Again, when I say “finite,” I still feel like even these big games — single-player is not dead. Look at what’s nominated. But they still bear the burden of being bigger and deeper. We’re still raising the ante all the time. Seeing these games, people are working harder and crunching more. Development is longer and riskier. What if any of these things didn’t hit? If there was nothing there after five years? That would tank a studio. These are massive, terrifying bets.
GamesBeat: The good thing seems to be, maybe, that for every company that adopts a certain strategy and goes off in that direction, another company might see an opportunity to go in the other one. Maybe the platform holders will go that way.
Hennig: That’s the hope. When people point at Sony’s games — I mean, God bless Sony for their dedication to this kind of content, even though it is growing and getting more and more unsupportable. I don’t think anyone would argue that. It’s a different proposition than it was 12 years ago.
What you have to understand is that Sony is selling hardware. If you’re a platform holder that has an incentive beyond selling that one piece of software, then yeah, they’re more likely to invest in stuff that’s going to be exclusive to their platform. Initially, you have to seek out those kinds of partnerships. Do you want content like this on your platform? Do you want to help fund it?
GamesBeat: It would be nice if you could bring all the resources you need, but still be independent. From your last job, do you think you’ve seen that independence is important? Being able to make the call.
Hennig: That’s one of the benefits that Naughty Dog has. They’ve managed to maintain a culture of — even despite their size now, this radical risk-taking which enables greatness. It’s also a tightrope walk. You embrace that and accept that you’re in the business of risk. But a lot of big publishers aren’t going to necessarily have the same mindset. As an individual, or starting a small studio, you can choose to say, “That’s our culture. We embrace risk and the unknown. We have to take chances. We have to be wise and figure out when we have to hold back.” You have to find partners that feel the same way, rather than trying to fit yourself into a box that doesn’t work.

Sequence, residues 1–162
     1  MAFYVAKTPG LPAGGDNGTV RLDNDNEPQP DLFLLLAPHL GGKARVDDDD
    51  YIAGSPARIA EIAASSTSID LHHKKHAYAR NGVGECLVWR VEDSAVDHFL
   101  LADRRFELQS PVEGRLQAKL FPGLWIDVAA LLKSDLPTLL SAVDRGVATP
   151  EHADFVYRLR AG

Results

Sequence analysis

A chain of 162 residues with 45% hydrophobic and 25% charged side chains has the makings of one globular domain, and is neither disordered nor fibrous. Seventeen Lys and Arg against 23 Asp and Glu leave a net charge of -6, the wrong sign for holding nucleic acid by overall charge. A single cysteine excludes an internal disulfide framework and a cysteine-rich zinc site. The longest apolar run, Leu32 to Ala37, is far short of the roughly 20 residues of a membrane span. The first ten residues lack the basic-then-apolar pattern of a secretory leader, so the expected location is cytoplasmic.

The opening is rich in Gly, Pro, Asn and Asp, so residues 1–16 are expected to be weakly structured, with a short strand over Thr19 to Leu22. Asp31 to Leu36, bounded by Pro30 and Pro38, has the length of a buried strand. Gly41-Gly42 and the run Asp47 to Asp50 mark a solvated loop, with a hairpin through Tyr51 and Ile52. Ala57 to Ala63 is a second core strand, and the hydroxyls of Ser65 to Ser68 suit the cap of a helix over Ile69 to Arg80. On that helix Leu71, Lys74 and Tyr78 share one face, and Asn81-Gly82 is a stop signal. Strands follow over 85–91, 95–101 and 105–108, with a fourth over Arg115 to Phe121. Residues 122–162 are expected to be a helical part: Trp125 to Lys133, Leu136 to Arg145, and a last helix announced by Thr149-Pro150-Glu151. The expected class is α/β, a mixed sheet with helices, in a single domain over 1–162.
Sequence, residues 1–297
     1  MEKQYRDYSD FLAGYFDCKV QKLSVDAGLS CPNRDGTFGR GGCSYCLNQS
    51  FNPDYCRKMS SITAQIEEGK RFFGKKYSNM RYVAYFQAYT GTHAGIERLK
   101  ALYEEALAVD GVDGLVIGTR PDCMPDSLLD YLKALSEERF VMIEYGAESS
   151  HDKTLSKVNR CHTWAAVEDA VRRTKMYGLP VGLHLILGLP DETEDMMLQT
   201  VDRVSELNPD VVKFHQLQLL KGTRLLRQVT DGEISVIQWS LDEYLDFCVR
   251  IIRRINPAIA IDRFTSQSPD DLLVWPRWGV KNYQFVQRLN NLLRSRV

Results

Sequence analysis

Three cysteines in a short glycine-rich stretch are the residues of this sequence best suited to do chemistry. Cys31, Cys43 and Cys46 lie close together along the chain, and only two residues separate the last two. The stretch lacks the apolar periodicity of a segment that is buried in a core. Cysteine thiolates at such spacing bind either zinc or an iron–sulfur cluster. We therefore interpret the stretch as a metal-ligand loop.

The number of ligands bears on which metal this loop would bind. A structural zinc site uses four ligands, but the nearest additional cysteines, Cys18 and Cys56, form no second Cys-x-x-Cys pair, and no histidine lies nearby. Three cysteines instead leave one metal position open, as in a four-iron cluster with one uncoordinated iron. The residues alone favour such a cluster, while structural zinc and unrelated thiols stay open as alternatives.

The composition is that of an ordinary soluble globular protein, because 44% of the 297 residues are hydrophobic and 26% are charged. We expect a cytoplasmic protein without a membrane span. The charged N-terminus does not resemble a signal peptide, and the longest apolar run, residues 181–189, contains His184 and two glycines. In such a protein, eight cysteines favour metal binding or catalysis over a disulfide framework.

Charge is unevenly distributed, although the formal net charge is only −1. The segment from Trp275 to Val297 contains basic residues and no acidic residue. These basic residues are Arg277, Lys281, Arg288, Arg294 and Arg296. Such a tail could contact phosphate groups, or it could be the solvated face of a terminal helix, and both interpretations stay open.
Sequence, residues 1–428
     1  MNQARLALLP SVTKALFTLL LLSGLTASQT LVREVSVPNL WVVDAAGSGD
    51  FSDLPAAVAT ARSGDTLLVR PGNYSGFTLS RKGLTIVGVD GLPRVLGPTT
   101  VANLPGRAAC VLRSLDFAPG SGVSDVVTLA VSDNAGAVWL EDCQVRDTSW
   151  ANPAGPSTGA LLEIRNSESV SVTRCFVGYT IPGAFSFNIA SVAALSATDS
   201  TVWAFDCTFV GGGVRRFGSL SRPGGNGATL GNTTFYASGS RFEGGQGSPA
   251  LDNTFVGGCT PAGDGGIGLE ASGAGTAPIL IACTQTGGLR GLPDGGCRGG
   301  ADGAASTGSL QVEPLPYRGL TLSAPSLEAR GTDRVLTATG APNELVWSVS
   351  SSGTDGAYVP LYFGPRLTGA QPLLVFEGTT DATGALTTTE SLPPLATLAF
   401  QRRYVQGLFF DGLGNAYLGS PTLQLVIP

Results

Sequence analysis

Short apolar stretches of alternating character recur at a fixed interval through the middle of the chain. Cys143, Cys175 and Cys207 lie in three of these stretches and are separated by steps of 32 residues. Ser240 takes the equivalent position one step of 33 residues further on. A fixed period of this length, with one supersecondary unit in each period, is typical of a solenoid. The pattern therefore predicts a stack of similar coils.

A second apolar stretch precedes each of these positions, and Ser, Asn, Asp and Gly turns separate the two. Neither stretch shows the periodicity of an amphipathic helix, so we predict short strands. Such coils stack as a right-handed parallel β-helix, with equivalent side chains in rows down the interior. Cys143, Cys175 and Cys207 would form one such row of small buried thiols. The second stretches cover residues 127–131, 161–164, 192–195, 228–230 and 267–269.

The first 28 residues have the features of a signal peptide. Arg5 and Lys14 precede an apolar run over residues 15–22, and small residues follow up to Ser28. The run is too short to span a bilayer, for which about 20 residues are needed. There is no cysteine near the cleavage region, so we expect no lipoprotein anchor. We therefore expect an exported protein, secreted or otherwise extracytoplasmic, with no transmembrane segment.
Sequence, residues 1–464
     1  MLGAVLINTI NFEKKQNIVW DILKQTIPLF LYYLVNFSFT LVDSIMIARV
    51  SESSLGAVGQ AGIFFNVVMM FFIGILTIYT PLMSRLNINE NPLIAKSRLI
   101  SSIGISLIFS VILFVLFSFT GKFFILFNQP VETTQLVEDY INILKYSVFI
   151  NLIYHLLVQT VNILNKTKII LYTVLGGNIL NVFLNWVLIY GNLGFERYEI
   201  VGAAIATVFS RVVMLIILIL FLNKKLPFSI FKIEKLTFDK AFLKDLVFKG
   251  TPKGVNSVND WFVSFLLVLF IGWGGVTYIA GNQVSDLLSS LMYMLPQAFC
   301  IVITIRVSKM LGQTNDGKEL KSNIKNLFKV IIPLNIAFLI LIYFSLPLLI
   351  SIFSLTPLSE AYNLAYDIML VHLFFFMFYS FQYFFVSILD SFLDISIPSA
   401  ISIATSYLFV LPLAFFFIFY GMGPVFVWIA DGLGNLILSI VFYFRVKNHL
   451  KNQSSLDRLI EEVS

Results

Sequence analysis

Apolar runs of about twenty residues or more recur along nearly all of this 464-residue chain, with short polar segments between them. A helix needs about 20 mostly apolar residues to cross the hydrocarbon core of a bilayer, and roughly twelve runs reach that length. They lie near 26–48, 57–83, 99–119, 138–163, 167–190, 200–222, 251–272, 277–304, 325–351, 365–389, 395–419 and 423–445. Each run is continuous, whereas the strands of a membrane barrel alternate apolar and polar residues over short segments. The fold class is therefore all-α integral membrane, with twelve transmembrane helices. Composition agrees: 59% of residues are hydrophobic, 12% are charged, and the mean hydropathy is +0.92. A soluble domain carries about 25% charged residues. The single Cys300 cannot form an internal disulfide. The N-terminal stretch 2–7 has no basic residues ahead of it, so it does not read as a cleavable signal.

GamesBeat: I’ve heard some crazy things, like Greg Broadmore’s talk about Dr. Grordbort’s Invaders.
Hennig: I really wanted to see that!
GamesBeat: Working for seven years on a Magic Leap game.
Hennig: I know, I know. Again, if you have a platform and somebody says, “We want content. We need people who are pushing the envelope in our medium, with our technology,” that’s an exciting place to be. The scary part is you might make something that never comes out, or doesn’t get seen by many people. But that’s certainly one funding model, to find people that need content and get them to partner.
That’s why I said that it might just be getting more like what we see in Hollywood. It’s not about what company you’re joining and making content exclusively for them. It’s all of us moving around as free agents and finding partnerships that make sense, people that are looking for a certain kind of content.
GamesBeat: I’d hope that backers would see the wisdom of putting their money into something you’re making.
Hennig: Me too. I’ve had lots of good conversations. It’s not like I’m out there completely hat in hand. I’m just having conversations to see what everyone’s saying. I’m getting antsy to get back to really making something, beyond just conceptually. And of course, you have this cart and horse, chicken and egg problem. I’d love to start hiring a staff around me to start exploring some stuff, but I can’t do that out-of-pocket. I’d be broke in no time. Especially in the bay area, going back to that topic. It really does come down to finding partners that want to start doing exploratory funding, just seeing where that takes us.